' ' Cinema Romantico: Christmas Means It's Time To Die Hard(er)

Tuesday, December 21, 2010

Christmas Means It's Time To Die Hard(er)

My best friend has advised on more than one occassion that, for him, it doesn't feel like Christmas until he's watched 1988's action extravaganza "Die Hard." This might seem strange when considering the film details an ordinary NYC cop, the immortal John McClane (Bruce Willis), having to thwart an entire team of terrorists that have taken over L.A.'s Nakatomi Tower but the setting of the film is Christmas Eve and there are subtle hints to the holiday season stacked throughout. Its inevitable followup, "Die Hard 2: Die Harder", released in 1990, in keeping with the spirit of all sequels, took things up a notch by having John McClane have to thwart an entire team of terrorists and a deposed dictator by saving Washington D.C.'s Dulles Airport. No, it's not as good as the original. So why did I watch it instead of the original? Because it was 4 degrees outside, I wanted to watch a movie to get into the holiday spirit, my Netflix movie had not arrived the day it was supposed to, and "Die Hard 2", not "Die Hard", was showing on FMC. Luckily "Die Hard 2" is also set on Christmas Eve and so, yes, it helped make it feel a little more like the holidays.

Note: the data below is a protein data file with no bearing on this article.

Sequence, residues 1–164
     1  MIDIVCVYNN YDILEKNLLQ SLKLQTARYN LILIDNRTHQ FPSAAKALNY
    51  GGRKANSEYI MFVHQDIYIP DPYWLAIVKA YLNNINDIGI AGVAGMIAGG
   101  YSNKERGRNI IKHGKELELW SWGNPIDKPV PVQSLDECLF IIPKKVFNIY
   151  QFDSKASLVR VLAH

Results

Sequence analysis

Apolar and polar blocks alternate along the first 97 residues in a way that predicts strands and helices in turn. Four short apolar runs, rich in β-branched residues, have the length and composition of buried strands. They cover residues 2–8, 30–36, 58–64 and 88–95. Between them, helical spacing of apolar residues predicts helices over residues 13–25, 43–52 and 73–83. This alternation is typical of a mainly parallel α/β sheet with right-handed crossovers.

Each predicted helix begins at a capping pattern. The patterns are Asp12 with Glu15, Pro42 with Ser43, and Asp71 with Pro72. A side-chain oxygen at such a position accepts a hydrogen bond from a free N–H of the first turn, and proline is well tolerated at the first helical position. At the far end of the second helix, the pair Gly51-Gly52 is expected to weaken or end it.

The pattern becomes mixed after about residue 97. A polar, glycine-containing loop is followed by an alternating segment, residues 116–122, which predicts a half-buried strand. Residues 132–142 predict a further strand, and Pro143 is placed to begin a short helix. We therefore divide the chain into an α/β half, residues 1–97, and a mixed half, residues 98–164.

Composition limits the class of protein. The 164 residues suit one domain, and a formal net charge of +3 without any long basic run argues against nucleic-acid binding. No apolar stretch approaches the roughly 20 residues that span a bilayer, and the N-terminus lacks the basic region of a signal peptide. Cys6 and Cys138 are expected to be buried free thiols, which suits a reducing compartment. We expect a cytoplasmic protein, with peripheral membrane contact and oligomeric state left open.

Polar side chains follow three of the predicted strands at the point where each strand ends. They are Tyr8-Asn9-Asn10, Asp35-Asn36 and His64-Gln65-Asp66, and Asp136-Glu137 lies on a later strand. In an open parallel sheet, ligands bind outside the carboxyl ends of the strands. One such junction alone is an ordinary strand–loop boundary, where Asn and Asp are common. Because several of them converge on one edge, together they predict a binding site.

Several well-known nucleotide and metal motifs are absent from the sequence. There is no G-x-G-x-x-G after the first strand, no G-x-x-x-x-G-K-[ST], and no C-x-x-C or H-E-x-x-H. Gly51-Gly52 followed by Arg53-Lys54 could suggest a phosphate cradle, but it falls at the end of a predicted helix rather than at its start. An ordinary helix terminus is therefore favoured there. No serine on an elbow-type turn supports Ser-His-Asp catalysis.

Early on we are introduced to John McClane's wife, Holly (Bonnie Bedelia), aboard a plane set to land at Dulles where her husband will pick her up. She is sitting next to an older lady who mentions how she has replaced her can of mace carried for safety with a taser. She shows the taser to Holly. Obviously this is foreshadowing something - namely, that much later Holly will get to taser the crap outta Dick Thornberg (William Atherton), the nefarious reporter from the first film who, of course, winds up on the same plane. But that is not the point. The point is this:


Ah, the nineties. The free-wheeling, no-holds-barred nineties, back when you could carry a toothpaste tube of more than 3.4 fluid ounces and a taser onto a 747. Sigh.... I could not help but feel nostalgic throughout. John McClane hustles about with a beeper, returning calls on a payphone, and finds himself frightened by faxes and dumbfounded by airphones. Heck, if you walked up to John McClane at Dulles Airport that night and asked for his thoughts on "Human Touch" & "Lucky Town" he wouldn't have known what you were talking about! To him "Tunnel Of Love" was still Springsteen's last album! What a world!